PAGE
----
The software development industry is still in its early days. Compared to other industries with centures of history and evolution behind them, software development is only beginning to mature. One of the consequences of that relative immaturity is that we still have many recurring problems to solve. In this article, I'm going to talk about one of the most important ones: communication.
Communication is key to developing the right software the right way. No matter how good a development team is, if they cannot understand the problem the software needs to solve, they will not be able to deliver what their clients really need. One of the best approaches to mitigate communication problems is a set of techniques known as Specification by Example.
The term, introduced by Gojko Adzic, refers to techniques that have in common the specification of software requirements using examples, as the name suggests. The most well known of these techniques is BDD, or Behavior Driven Development.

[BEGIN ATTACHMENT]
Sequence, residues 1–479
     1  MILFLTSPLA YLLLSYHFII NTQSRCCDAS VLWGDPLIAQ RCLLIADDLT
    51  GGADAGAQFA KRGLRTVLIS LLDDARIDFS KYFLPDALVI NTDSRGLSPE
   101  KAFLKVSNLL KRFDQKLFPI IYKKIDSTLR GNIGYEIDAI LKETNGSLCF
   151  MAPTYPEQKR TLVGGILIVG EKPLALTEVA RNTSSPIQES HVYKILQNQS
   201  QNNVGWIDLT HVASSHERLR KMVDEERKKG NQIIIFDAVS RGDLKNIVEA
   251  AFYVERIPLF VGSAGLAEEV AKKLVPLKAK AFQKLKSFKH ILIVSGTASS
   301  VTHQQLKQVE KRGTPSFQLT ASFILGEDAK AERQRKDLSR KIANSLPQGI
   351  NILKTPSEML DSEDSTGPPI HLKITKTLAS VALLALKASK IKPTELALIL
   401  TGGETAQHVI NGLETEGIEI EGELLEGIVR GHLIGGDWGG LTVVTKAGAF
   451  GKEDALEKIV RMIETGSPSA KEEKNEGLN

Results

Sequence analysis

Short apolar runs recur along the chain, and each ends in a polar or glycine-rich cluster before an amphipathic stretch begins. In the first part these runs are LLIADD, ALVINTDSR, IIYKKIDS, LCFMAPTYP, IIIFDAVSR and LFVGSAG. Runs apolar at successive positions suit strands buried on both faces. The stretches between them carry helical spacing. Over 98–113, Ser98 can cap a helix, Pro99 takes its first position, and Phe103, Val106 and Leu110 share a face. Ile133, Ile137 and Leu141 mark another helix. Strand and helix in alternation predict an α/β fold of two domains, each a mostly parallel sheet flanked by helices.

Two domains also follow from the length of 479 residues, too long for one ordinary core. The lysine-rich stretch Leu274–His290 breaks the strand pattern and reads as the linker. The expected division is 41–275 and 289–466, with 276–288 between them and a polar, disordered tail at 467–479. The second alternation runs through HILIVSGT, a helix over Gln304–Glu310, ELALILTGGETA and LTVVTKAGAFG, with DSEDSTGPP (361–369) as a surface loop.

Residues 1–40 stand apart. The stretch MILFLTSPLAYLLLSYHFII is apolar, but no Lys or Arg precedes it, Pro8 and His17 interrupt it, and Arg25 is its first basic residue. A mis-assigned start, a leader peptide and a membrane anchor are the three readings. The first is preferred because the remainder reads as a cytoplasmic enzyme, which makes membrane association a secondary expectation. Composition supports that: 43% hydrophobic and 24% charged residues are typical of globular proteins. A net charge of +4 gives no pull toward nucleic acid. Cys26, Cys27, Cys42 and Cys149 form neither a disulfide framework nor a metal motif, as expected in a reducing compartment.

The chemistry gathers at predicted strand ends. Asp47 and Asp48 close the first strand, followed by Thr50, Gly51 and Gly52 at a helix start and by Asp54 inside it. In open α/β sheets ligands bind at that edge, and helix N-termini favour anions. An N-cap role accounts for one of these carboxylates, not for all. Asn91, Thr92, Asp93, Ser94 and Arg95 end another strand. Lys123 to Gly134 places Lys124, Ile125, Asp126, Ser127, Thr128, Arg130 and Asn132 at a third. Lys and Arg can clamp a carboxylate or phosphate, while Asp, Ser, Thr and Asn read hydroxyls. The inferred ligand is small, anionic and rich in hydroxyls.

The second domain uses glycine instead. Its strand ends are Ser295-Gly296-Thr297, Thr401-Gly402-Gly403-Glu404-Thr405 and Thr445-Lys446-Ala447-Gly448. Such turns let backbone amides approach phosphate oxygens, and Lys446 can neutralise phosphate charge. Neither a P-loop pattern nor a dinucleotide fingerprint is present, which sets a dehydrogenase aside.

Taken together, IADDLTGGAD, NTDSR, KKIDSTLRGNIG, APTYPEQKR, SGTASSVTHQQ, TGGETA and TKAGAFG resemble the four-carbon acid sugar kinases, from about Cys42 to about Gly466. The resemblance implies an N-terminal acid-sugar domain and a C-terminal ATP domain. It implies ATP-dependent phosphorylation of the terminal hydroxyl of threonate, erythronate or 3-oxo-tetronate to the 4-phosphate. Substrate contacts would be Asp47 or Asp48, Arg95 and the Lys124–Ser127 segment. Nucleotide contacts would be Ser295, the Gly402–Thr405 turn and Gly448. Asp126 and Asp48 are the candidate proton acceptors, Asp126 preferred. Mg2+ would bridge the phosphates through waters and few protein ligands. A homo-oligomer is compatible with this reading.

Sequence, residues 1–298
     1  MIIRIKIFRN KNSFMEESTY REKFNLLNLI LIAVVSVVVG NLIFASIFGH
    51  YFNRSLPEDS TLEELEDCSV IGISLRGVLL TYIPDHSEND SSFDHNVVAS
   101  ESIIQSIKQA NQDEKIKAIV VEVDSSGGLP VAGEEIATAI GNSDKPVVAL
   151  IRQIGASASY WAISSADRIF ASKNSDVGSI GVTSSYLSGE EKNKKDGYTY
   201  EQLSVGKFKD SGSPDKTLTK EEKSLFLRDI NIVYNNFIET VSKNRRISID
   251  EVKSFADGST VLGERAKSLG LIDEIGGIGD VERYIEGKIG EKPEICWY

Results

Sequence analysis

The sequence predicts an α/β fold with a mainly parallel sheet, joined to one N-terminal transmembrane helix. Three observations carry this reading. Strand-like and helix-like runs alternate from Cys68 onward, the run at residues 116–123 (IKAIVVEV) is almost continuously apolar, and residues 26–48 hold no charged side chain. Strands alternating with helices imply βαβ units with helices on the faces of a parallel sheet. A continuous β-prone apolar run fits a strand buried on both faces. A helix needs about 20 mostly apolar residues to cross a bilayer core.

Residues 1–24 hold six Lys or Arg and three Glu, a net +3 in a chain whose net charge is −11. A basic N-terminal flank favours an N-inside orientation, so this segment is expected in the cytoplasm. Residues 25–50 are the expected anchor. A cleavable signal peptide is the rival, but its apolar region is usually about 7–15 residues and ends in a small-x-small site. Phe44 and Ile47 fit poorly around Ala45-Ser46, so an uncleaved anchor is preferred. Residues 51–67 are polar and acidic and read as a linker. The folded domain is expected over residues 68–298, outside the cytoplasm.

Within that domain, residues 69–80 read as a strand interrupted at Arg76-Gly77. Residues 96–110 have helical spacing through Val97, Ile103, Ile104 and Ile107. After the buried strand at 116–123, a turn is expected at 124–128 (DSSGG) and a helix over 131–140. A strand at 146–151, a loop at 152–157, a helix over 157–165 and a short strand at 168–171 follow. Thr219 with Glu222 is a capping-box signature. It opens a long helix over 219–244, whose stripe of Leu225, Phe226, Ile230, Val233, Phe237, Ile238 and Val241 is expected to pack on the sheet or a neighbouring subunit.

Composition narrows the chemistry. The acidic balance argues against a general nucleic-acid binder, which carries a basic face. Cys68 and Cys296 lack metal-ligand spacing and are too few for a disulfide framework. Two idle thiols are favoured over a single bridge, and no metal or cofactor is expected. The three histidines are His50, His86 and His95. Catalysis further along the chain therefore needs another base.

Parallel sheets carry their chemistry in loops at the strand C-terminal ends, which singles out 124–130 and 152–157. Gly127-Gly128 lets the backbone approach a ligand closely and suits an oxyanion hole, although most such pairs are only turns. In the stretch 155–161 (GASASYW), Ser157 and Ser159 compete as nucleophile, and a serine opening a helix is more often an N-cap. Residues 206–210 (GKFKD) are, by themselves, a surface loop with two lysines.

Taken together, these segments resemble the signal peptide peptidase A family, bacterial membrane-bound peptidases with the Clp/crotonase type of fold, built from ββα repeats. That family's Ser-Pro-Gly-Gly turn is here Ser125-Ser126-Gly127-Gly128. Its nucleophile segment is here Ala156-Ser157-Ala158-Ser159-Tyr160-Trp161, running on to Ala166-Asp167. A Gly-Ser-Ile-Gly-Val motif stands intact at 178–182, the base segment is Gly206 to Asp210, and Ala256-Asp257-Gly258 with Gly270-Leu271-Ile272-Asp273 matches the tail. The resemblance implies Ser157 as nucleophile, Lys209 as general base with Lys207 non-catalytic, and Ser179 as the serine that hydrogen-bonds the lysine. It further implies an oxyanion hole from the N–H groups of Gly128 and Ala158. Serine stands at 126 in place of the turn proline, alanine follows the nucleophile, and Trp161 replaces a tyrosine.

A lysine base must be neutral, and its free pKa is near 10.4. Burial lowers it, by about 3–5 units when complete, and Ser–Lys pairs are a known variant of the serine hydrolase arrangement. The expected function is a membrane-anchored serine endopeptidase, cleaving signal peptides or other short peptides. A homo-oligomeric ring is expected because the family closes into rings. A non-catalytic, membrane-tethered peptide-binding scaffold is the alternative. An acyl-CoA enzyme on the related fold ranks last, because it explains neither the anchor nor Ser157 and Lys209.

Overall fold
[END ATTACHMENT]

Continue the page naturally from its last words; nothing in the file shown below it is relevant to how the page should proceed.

Essentially, these techniques tell us to describe the software using stories, with real case examples whenever possible, and to share those stories with the whole team. The recommendation is to involve the team in the writing, in fact, and use the stories to ascertain that the software really does what is specified. There is even a language created to make it easier (Gherkin) and tools like Cucumber and Specflow that make executable tests out of these specifications.
Most developers nowadays are familiar with the term BDD, or at least TDD (Test Driven Development). Many quality assurance analysts use it to write their tests. Business analysts also use the Gherkin language to describe the requirements. But the true power of Specification by Example comes when everyone works together, a technique known as The Three Amigos.
I will not go into details about how it works here - my intention is to show the benefits, leave some references, and let you try it out. I can assure you it will be worth it!
Bridging the Communication Gap